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Tathagata (Skt. Tathāgata; Tib. དེ་བཞིན་གཤེགས་པ་, deshyin shekpa, Wyl. de bzhin gshegs pa) is a frequently used synonym for buddha. According to different explanations, it can be read as tathā-gata, literally meaning “one who has thus gone,” or as tathā-āgata, “one who has thus come.” Gata, though literally meaning “gone,” is a past passive participle used to describe a state or condition of existence. Tatha (tā), often rendered as “suchness” or “thusness,” is the quality or condition of things as they really are, which cannot be conveyed in conceptual, dualistic terms. Therefore, this epithet is interpreted in different ways, but in general it implies one who has departed in the wake of the buddhas of the past, or one who has manifested the supreme awakening dependent on the reality that does not abide in the two extremes of existence and quiescence. It is also often used as a specific epithet of the Buddha Shakyamuni. [1]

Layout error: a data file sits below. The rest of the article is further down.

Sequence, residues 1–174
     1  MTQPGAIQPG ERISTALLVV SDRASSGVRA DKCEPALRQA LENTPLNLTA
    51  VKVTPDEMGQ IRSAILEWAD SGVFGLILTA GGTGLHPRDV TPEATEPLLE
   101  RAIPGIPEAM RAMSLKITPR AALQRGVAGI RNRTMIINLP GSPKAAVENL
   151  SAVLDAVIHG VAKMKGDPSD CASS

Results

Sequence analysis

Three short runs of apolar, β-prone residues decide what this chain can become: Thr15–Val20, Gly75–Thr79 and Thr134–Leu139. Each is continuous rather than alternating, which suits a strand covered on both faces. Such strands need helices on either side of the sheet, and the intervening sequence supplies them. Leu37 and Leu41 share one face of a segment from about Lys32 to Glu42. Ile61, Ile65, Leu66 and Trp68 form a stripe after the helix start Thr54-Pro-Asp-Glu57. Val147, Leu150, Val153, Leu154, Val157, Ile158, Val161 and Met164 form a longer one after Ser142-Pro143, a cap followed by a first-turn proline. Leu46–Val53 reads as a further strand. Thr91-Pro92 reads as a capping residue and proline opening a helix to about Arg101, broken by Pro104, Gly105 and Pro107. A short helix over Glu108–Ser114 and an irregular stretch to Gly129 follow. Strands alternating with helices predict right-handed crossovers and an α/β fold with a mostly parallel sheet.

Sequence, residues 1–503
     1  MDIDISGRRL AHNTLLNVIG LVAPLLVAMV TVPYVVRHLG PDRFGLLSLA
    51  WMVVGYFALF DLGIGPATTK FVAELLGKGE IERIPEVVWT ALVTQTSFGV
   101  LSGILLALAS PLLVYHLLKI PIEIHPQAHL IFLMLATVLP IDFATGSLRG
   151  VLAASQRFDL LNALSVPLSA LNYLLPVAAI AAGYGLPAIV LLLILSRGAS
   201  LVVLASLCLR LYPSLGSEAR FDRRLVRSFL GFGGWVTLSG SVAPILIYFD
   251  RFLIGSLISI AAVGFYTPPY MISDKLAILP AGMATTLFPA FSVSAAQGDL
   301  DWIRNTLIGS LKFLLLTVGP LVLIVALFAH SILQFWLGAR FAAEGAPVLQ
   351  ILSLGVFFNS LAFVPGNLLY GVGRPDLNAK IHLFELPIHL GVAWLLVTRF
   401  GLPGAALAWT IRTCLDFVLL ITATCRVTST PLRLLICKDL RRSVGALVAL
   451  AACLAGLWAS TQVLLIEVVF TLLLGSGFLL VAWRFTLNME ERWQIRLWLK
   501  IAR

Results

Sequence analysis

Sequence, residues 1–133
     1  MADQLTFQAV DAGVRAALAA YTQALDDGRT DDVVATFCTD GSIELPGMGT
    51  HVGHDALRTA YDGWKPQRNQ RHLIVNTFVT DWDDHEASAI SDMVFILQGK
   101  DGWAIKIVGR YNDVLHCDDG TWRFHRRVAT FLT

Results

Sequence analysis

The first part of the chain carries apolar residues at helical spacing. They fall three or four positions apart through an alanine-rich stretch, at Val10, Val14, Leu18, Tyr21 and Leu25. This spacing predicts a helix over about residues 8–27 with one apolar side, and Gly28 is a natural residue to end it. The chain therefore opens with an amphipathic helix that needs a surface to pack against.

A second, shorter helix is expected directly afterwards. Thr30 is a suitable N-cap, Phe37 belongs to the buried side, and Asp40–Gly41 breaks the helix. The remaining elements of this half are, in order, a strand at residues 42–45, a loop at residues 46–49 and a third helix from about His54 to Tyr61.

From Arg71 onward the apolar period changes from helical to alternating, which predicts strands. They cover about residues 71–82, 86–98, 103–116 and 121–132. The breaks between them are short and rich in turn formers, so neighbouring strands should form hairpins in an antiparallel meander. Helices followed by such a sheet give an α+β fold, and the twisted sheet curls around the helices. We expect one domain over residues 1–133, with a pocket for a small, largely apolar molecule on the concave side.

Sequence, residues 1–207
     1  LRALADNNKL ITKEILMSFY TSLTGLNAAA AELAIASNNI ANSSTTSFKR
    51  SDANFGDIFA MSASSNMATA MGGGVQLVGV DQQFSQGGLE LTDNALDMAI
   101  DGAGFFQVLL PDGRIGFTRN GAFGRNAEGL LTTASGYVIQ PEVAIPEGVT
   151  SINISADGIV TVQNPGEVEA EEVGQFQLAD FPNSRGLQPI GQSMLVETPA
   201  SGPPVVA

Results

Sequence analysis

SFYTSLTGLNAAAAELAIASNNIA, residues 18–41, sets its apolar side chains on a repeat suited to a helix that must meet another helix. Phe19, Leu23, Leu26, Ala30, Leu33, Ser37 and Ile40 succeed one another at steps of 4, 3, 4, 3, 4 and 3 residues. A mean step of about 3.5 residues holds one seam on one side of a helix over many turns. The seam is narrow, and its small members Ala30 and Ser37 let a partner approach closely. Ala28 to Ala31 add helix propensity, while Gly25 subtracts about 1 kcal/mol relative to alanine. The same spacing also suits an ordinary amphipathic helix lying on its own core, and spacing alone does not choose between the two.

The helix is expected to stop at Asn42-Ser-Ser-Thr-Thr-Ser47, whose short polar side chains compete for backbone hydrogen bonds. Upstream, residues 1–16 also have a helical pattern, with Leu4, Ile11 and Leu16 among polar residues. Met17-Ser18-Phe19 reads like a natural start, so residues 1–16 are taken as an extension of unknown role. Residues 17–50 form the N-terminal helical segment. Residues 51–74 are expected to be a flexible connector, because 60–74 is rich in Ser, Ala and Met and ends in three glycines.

1. 84000 Translating the Words of the Buddha.